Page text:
The Creator & Small Publisher’s Guide to the Diamond Distribution Cycle

| January 20, 2014 | 13 Comments


There have never been more ways to distribute your comics and graphic novels. Conventions,  direct-to-retailer sales,   webcomics, Comixology, Kickstarter, iBooks, Kindle…exploring some (or all) of these options simply makes sense for the savvy creator. Yet, for many, the ultimate goal is to have your books announced, distributed, released, and purchased along side all the other offerings at your local comic shop on a magical new comics Wednesday in the future. And that means distributing your books through Diamond Comics Distributors, Inc.

While most creators are aware of Diamond, I’ve noticed (at least from questions that I get from creators) that there is a fair bit of ignorance about how Diamond distribution works. And while many of you might not intend to ever tackle distributing through Diamond on your own, if you’re pitching your books to small and mid-sized publishers, it’s important that you understand the system. [Note: This article discusses the process AFTER you have landed a Diamond distribution agreement. If you’re looking for more on how to first establish a relationship with Diamond to put your books through the cycle below, read my article  Tips for Submitting to Diamond.]

I’ve been through this cycle many times now, with SCAM, THE RED TEN, and THE STANDARD. I’ve made some mistakes (a bunch) and taken some lumps (financial and otherwise) as a result. But that’s where experience comes from, right?

Now, as I prepare to launch EPIC  through Diamond, the first new series in the next wave of ComixTribe books, it seems like a good time to explain the cycle.  I’m going to walk you through each step of what it takes to put out a new series through Diamond for an independent creator or small publisher.

The Diamond Distribution Cycle – A Six-Month (or More) Process

Step 1 – New Series Submission (Month Zero)

The rules for Marvel, DC, Image, and the other top publishers are different than the ones for publishers ComixTribe’s size. Everything from placement in their Previews catalog, to specifics of their distribution deals, to the length of the order window…it’s all more favorable for the big guys. Make no mistake, the Diamond distribution system is NOT a level playing field. Nor should it be. Those publishers are reliable money makers for Diamond. They keep the company in business, whereas upstarts like ComixTribe represent pocket-change to their bottom line. Not complaining. Just acknowledging.


Cover to the EPIC pilot issue. We sent a fully complete issue to our Diamond rep to get series distribution approval.

One example of this is that we need to submit any new series we’d like to publish to our Diamond reps for distribution consideration. No matter how many beers you buy me at a convention (Guiness, please), if my Diamond rep tells me that they can’t sell your book, ComixTribe can’t distribute it through Diamond for you. Sorry.

While no doubt some good books fail to make it through the Diamond screening process,  it’s a fair one. The team that reviews new series submitted is composed of former retailers and comic market veterans with their pulse on the market. If they say retailers won’t buy a book, they probably know better than you or I.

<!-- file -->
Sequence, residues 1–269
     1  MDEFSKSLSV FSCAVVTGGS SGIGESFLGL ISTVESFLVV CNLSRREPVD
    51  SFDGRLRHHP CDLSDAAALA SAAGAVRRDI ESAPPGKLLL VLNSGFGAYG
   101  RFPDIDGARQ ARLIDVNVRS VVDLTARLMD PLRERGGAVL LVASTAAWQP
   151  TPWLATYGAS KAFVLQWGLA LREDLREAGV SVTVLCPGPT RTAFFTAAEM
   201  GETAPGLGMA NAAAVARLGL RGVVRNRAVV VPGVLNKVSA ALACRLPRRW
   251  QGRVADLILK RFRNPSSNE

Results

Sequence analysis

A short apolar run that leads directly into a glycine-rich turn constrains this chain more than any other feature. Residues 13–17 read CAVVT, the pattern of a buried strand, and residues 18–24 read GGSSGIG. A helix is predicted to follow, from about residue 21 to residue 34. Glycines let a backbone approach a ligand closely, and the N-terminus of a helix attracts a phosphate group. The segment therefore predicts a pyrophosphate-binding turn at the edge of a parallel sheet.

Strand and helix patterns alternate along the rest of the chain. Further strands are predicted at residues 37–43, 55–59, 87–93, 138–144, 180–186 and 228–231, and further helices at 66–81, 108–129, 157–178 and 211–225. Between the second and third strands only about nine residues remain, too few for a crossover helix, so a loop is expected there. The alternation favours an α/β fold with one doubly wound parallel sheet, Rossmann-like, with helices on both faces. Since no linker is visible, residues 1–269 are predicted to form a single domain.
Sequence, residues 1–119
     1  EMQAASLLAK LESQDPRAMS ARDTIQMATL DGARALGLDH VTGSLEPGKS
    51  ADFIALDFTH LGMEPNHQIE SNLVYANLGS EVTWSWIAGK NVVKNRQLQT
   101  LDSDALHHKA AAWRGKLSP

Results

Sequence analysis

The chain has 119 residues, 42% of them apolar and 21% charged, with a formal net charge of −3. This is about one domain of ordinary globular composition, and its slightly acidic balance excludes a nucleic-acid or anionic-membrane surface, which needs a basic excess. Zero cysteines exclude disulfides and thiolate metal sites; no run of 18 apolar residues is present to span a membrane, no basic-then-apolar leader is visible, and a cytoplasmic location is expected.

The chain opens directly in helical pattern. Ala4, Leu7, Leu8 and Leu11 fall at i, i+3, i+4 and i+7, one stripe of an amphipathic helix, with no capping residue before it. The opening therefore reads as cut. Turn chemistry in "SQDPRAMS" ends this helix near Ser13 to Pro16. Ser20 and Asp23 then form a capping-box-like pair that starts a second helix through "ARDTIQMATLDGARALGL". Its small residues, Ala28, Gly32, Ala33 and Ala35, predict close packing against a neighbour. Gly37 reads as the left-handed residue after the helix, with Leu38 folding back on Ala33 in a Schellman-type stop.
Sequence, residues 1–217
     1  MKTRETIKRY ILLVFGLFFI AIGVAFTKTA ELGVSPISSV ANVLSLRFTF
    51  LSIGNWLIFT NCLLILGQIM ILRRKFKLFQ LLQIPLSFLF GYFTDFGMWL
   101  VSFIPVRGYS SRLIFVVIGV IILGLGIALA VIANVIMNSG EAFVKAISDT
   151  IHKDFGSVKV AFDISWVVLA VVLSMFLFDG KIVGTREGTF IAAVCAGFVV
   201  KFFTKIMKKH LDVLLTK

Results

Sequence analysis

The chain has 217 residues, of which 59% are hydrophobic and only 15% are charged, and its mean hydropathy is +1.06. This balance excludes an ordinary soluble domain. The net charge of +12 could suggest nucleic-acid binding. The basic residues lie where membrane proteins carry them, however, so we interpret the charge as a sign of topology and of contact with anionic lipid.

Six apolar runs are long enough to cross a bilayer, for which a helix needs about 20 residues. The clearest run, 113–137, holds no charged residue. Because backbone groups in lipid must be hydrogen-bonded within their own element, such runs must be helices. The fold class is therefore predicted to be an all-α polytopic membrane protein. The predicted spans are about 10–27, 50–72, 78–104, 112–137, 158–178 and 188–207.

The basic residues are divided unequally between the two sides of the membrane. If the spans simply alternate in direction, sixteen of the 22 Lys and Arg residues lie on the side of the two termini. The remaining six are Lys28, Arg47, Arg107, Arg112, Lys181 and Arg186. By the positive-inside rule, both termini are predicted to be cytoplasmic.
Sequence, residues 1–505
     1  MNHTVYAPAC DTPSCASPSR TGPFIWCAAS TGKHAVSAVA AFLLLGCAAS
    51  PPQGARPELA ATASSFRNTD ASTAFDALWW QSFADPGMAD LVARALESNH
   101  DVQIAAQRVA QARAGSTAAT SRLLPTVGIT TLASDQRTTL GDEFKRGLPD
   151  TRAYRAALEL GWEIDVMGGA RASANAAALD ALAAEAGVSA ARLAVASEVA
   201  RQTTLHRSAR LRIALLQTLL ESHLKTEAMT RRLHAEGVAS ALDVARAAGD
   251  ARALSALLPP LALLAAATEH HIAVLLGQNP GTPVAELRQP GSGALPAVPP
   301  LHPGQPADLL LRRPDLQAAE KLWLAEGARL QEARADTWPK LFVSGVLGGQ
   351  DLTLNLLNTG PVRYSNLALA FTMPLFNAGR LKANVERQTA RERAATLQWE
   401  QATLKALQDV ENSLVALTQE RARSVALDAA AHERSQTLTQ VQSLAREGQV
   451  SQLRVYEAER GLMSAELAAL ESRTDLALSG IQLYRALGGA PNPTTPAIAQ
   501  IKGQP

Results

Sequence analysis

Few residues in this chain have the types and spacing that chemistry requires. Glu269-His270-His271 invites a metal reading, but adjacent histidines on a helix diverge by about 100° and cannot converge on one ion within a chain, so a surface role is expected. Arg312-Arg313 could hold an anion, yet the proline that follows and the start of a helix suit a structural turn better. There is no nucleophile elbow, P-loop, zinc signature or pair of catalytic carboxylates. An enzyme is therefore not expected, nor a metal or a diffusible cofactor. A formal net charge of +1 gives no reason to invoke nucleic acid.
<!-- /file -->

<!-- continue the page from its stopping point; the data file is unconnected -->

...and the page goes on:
Now, I’m certain publishers like Dark Horse or Image don’t need to go through this process. If you get Stephenson’s or Richardson’s stamp of approval, that’s good enough for Diamond. Alas, as publisher of ComixTribe, my stamp doesn’t carry that kind of weight. Instead, I need to essentially pitch Diamond on our new series. That means having a  completed book. (Yeah, the whole thing. Five pages and a cover need not apply.) I also need to give them information about the series (limited? ongoing? monthly? bi-monthly?) and any unique selling points or promotional plans that might shed light on its sales prospects. Essentially, before I can sell the book to the readers, or to the retailers, I need to “sell” it to Diamond.

For EPIC, I sent a PDF of the full pilot issue (which you can get for FREE on FREE COMIC BOOK DAY May 3, 2014. Mark your calendars!) to my Diamond rep. Luckily, she was impressed with the issue, and it was accepted without much incident. We the discussion then turned to release schedules, and solicitation dates, which really gets us into the Diamond cycle.

Key Takeaways:

  • A small publisher’s “Yes, we’ll publish” does not greenlight Diamond Distribution. Only Diamond does.
  • You’ll need to submit the finished product (at least an issue’s worth) before you’ll know if Diamond will distribute your book. So, if you’re pitching small publishers, realize you may have to commit to completing a full issue before they’ll ever give you a definitive yes. It’s not because they’re indecisive, it’s because it may not be their decision.  
  • You will need to “sell” your book, well before you ever get a chance to sell your book.  

Step 2 – The Solicitation (Month 1)


Solicited cover to EPIC #1. Due 4-5 months before release date.

Once your new series has been accepted, the next step is to send in solicitation information. Diamond provides publishers a standard form to fill out. Here’s the solicitation information for EPIC #1:


Company Name/Address:

Newburyport MA, 01950

Email Address:           

Phone: xxx-xxx-xxxx

Product Title: EPIC #1
Issue/Volume Number: 1
Number of Issues/Volumes in Series: Ongoing
Frequency of Publication (Monthly, Bimonthly, Quarterly, etc.): Bimonthly
Intended Audience (All Ages, Mature Themes, Adult): Teen
Genre (Superhero, Sci-Fi, Fantasy, Horror, Western, etc.): Superhero, Comedy
Format (dimensions, pg count, FC/B&W/PC, SC/HC): 32 pg, FC, foil-stamped embossed cover
Retail Price: 3.99
Diamond Discount: 60% off
Printer: Trivision
Country of Printing: Korea
Ship Date/Month: May (Note: May arrive in April. Want to hold to release May 7, the Wednesday after the Free Comic Book Day debut of EPIC #0.)
UPC Code: 610395132615 00111
(NOTE: including a UPC and/or ISBN number at the time of solicitation is mandatory)
Author(s): Tyler James
Artist(s): Fico Ossio
Cover Artist(s): Fico Ossio